GCSEs: Design and Technology take up has halved in a decade | #education | #technology | #training


GCSE design and technology (D&T) entries have halved over the last decade, new research shows.

The proportion of students taking the subject at GCSE fell from 44 per cent in 2009 to 22 per cent in 2020.

Entries for students at A level have also declined over the same period, as more students now opt for vocational engineering qualifications, a report published today by the Education Policy Institute has found.

It concludes there is an “unclear picture” on the reasons for the subject’s decline, but warns that “without specific changes to encourage take-up, the long-term declining trend is showing no sign of reversing”.

The EPI analysis finds that GCSE students attending free schools and sponsored academies are less likely to enter D&T, while at A level, students in independent schools are most likely to enter the subject. 

The report also uncovers significant local and regional variation in D&T take-up. Entries in local authority areas range from nearly 40 per cent of GCSE pupils in Herefordshire to just 4 per cent in Middlesbrough. 

The EPI highlights how the number of D&T teachers in secondary schools has been declining since 2011, accounting for 3 per cent of all teachers nationally by 2020.

And it warns that initial teacher training (ITT) recruitment has continually fallen short of targets for the subject, with actual recruitment accounting for just 23 per cent of the target in 2021-22.

Sam Tuckett, report author and senior researcher at the EPI, said: “It is clear that, without specific policy changes from the government to encourage pupil take-up, the future of D&T as a subject will remain highly uncertain.

“If the government intends to support D&T and arrest the decline in student entries, supporting take-up of the subject by younger students at GCSE level will be particularly critical.”

Non-EBacc subjects ‘driven to the fringes’

Reacting to the report, headteachers’ leaders have blamed the government’s creation of the English Baccalaureate (EBacc) for contributing to the subject’s decline.

The performance measure was introduced by the Department for Education to encourage schools to ensure pupils took what were regarded as core academic subjects at GCSE.

Geoff Barton, the general secretary of the Association of School and College Leaders, said: “The government talks a lot about its plans for a ‘skills revolution’ but has unfathomably not only neglected the importance of design and technology but actively devalued the subject.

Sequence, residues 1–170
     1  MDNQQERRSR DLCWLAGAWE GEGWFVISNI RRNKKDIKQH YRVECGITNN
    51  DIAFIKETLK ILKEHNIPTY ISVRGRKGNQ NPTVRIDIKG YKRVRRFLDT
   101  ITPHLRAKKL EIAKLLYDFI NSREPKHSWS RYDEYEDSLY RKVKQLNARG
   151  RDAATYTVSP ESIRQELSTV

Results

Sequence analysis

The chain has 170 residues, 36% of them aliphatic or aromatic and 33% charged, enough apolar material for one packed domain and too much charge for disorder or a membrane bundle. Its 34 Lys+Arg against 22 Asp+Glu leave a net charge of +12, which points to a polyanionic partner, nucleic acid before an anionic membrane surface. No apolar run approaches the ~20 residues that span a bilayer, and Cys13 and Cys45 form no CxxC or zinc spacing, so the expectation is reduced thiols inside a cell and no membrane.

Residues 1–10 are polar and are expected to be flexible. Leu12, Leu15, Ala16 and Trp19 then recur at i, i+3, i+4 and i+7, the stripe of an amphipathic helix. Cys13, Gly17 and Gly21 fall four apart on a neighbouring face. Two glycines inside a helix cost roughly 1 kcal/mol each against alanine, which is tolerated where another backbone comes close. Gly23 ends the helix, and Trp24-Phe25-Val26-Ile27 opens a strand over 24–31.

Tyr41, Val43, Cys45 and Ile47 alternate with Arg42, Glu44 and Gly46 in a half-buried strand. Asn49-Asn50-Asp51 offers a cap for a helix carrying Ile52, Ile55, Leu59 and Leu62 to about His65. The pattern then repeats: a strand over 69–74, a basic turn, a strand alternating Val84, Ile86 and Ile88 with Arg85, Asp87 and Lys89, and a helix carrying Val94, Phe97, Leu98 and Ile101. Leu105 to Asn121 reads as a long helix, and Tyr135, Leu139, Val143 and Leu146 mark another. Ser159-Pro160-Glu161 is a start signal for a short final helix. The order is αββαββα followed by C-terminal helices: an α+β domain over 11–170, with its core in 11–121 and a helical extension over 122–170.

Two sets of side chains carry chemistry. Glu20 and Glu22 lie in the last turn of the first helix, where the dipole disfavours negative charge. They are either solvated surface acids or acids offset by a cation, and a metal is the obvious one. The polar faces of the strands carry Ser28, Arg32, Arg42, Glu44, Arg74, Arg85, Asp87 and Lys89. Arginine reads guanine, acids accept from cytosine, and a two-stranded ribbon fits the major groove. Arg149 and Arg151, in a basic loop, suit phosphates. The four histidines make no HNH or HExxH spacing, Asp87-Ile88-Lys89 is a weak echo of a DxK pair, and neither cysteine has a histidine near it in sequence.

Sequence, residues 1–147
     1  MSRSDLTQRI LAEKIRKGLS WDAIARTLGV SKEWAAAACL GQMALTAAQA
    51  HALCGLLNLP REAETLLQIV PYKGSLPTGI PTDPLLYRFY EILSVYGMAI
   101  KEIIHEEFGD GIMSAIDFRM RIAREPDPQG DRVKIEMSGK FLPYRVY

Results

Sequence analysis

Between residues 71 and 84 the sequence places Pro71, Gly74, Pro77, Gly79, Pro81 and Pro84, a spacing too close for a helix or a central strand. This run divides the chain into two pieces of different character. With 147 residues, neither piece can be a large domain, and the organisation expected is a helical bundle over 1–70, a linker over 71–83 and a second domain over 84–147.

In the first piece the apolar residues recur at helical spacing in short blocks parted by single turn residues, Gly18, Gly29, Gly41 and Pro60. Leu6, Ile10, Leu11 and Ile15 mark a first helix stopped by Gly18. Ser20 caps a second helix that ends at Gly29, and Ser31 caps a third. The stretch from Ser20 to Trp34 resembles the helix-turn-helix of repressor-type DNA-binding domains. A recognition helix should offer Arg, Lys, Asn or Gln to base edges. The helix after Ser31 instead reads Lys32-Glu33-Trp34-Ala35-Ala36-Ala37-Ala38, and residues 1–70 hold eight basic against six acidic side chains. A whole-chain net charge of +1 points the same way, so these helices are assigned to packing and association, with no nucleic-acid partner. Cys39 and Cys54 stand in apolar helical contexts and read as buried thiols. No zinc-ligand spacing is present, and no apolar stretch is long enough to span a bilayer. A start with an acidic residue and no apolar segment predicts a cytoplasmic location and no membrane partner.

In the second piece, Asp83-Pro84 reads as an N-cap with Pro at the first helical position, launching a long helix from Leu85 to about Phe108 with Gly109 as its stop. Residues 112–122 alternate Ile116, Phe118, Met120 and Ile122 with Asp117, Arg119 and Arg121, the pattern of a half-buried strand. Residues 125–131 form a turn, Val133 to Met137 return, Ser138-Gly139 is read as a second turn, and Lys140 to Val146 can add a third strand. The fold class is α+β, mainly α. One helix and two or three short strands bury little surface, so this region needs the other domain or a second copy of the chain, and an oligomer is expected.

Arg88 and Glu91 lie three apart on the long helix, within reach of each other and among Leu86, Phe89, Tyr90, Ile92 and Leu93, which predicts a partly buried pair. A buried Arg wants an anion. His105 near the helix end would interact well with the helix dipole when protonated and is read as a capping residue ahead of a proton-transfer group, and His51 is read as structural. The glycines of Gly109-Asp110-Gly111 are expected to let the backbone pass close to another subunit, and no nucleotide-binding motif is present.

“As this report highlights, there are a number of factors that have contributed to the decline in students entering these qualifications.

“However, it did not help that the government decided to prioritise a set of traditional academic subjects in its English Baccalaureate suite of subjects – which underpin school performance tables – at the expense of other subjects, such as design and technology and the creative arts.

“This has had the inevitable effect of driving non-EBacc subjects to the fringes of the curriculum.”

The EPI report notes the introduction of the EBacc, but it also says that the decline in D&T predates these reforms.

Effects of curriculum and qualification reform

In 2001, DfE statistics show that almost 70 per cent of pupils were entered for a D&T GCSE.

D&T was a compulsory GCSE subject until 2000, when it became optional.

In a speech in 2019, Ofsted chief inspector Amanda Spielman said that this change – along with competition from BTEC qualifications in the early 2000s – had left the subject facing a “perfect storm”.

The EPI report also highlights how the qualification has been reformed.

It says that previously pupils had the option of entering separate qualifications such as D&T: product design, or D&T: graphic products.

However, from 2017 onwards – with the first awards in 2019 – these syllabuses were discontinued and replaced with an overall design and technology GCSE, graded on the reformed 9-1 scale.

The report said: “The interaction of teacher numbers, accountability, curriculum and qualification reforms, alongside potential capital restraints some schools may face, make for an unclear picture as to why entries have declined so persistently.

“However, what is clear is that without specific changes to encourage take-up, the long-term declining trend is showing no sign of reversing.”

The DfE was contacted for comment.



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